Dr. SA Sherif, MAE Excellence Professor, and his research group have been involved in at least seven thrust areas pertaining to energy conversion devices and systems. Two of those thrust areas include frost formation in large walk walk-in freezers and design optimization of thermal and energy systems.
Dr. Sherif shared that frost formation in large walk-in freezers can be the cause of a significant amount of wasted energy. Research performed by Dr. Sherif and his students has been the first ever to experimentally quantify what happens based on psychrometric theory and to devise a protocol that guides freezer engineers and operators on how to operate large walk-in freezers without causing frost to form in the first place. Results of the research performed under two ASHRAE contracts to Dr. Sherif are seminal and are permanently archived in the ASHRAE Handbook – Refrigeration as early as the 2006 edition of the Handbook. The section in the Handbook that addresses this important problem provides a procedure that refrigeration engineers and large walk-in freezer operators should follow to prevent the formation of ice crystals inside the freezer space and hence avoid the need to frequently defrost the coils inside the freezer.
Design optimization of any thermal or energy system is a procedure that not only achieves the required design task but is also one that ensures that the designed product is the best product that can ever be produced under the prevailing circumstances. Research in this area typically requires fundamental knowledge in thermodynamics, heat transfer, fluid mechanics, economics, and mathematical optimization tools. One of the significant contributions that were made by Dr. Sherif and his students in this area is determining the issues and limitations related to the performance indices that should be used to evaluate the efficacy of multigeneration systems, which are systems that produce more than one product at the same time (e.g., cooling, heating, water, power). Specifically, Dr. Sherif and his students developed methods for evaluating such complex systems by computing the relative saving ratios of energy and exergy. These saving ratios can be used as a metric for the goodness of such complex systems and for their energetic and exergetic efficiencies. These efficiencies can in turn be used as performance indicators of any multigeneration system as if it were producing only one of its products (e.g., cooling, heating, water, or power). Dr. Sherif and his students established that the equivalent exergetic efficiency of power generation is the most meaningful and most accurate performance index for assessing the performance of multigeneration systems as energy-conversion devices. Other research performed by Dr. Sherif and his students in this thrust area includes designing optimized air-conditioning systems for aquatic centers, for swimming pool heating, for automated on-demand roof-spray cooling adaptable to any building in any climate region, for district heating of large naval air stations, and for deployable heat pumps using non-conventional expansion devices.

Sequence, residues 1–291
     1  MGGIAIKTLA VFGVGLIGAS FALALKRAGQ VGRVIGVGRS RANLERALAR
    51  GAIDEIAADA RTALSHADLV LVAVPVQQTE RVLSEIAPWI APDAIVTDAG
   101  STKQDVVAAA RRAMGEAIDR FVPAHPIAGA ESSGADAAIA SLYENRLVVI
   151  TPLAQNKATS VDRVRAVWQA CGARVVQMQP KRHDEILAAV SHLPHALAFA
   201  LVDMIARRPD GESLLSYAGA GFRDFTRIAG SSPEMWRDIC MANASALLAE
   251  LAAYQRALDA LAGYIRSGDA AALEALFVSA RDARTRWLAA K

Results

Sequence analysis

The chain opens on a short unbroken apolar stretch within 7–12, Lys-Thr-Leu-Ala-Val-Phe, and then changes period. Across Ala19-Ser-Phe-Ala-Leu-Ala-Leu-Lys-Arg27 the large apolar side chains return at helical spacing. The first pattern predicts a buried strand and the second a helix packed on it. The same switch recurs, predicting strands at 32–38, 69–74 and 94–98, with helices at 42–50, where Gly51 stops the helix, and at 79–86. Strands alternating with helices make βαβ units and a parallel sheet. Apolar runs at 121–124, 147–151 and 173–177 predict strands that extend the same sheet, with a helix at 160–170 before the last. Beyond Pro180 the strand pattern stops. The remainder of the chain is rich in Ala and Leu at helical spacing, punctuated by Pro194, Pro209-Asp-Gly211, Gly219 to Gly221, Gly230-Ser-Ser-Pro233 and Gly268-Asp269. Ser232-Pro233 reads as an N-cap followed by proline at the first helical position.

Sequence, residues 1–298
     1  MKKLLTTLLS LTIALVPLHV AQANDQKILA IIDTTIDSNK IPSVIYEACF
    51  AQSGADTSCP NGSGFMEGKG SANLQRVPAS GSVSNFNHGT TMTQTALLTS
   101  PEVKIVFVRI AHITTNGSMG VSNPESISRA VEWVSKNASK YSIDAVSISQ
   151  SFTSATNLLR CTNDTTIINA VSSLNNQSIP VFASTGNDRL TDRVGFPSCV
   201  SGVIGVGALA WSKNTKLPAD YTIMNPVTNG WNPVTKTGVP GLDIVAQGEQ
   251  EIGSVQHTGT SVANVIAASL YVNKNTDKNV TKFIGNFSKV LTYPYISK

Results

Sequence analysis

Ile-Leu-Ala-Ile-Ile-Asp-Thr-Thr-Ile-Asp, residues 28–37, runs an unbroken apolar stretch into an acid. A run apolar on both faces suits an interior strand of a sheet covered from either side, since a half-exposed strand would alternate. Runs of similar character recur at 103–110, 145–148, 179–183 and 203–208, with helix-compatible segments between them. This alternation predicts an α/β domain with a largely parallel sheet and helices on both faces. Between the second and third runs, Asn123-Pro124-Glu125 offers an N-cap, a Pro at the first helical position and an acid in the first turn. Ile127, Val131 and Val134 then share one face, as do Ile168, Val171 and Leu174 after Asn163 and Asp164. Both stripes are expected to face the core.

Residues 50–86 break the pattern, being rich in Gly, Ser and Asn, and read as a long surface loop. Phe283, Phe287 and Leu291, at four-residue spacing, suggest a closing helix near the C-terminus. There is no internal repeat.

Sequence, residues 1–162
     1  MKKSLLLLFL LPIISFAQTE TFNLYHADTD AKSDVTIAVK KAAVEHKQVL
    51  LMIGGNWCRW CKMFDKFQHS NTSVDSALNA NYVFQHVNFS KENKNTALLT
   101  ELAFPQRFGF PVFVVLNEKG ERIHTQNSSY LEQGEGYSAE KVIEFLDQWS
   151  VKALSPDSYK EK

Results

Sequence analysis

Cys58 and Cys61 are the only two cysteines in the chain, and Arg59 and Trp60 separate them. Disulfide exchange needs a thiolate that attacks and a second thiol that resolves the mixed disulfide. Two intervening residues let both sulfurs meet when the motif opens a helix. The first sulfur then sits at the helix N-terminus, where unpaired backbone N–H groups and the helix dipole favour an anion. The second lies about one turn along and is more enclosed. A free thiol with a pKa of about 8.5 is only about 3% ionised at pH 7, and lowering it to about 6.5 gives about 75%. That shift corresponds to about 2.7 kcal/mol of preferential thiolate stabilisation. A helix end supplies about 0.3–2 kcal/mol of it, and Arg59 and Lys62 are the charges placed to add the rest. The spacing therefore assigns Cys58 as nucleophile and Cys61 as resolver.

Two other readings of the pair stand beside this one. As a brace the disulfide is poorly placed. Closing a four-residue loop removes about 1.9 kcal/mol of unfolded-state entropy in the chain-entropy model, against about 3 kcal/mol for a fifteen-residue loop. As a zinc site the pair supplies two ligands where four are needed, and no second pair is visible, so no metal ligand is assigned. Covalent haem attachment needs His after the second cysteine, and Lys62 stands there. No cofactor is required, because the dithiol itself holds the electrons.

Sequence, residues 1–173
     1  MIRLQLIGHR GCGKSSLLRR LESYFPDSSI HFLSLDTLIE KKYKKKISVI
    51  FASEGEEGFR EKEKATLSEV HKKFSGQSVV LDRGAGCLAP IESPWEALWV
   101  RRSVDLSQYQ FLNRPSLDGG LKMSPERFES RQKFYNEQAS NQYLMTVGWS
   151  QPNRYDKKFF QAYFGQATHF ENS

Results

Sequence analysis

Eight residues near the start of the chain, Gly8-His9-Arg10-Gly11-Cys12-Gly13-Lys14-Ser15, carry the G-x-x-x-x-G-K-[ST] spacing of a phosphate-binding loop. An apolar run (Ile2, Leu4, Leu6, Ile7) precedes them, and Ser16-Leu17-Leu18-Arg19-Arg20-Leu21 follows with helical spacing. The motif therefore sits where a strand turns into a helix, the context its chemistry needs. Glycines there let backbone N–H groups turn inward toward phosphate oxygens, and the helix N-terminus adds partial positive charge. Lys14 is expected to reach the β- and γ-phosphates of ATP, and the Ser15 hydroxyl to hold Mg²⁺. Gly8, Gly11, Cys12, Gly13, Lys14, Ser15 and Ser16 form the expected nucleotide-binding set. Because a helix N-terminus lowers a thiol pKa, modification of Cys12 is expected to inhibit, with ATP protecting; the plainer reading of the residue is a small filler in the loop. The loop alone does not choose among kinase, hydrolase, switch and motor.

Dr. Sherif is also the Director of the Industrial Assessment Center at the University of Florida (UF-IAC) which is one of several centers around the country funded by the U.S. Department of Energy. The Center is housed in the Department of Mechanical and Aerospace Engineering and is co-directed by Dr. Cristian Cardenas-Lailhacar. The Center has two main missions, one pertaining to increasing industrial efficiency and the other pertaining to workforce development. The purpose of the former mission is to help the local industry become more efficient in energy, productivity, waste management, and cybersecurity. The latter function is primarily focused on training students in energy engineering. The Center has also been involved in working with the Florida Department of Agriculture and Consumer Services (FDACS) Office of Energy in helping the state chart a policy to help water and wastewater treatment plants (WWTPs) become more efficient in all facets of their operation. At the regional level, the Center operated as part of a consortium charged with developing policies and tools to achieve aggressive reductions in the industrial energy intensity in the southeastern part of the United States for very large energy users.
Dr. Sherif has received many professional recognitions for his research. He was elected a Fellow of the American Society of Thermal and Fluids Engineers (ASTFE) in March 2023. He was also appointed as Vice President of Programs for ASTFE on June 1, 2023. Dr. Sherif continues to serve as Vice President of Commission B2 on Refrigerating Equipment of the International Institute of Refrigeration and is one of two keynote speakers for the upcoming 26th International Congress of Refrigeration which will be held in Paris, France, August 21-25, 2023. He is also a member of the Advisory Board of Directors of the International Association for Hydrogen Energy. Dr. Sherif is currently Editor-in-Chief of the ASME Journal of Solar Energy Engineering (2020-2025) and is the most immediate past Editor-in-Chief of the ASME Journal of Thermal Science and Engineering Applications (2014-2019). He serves as Associate Editor or as a member of the editorial board or the honorary editorial advisory board of 30 other archival journals in thermal/fluid or energy sciences. He is a Life Fellow of ASME, a Life Fellow of ASHRAE, a Fellow of the Royal Aeronautical Society, and an Associate Fellow of AIAA.
Great work, Dr. Sherif!
Story by: Emily Hinds
Marketing and Communications Specialist
UF Mechanical & Aerospace Engineering
Posted: June 30th, 2023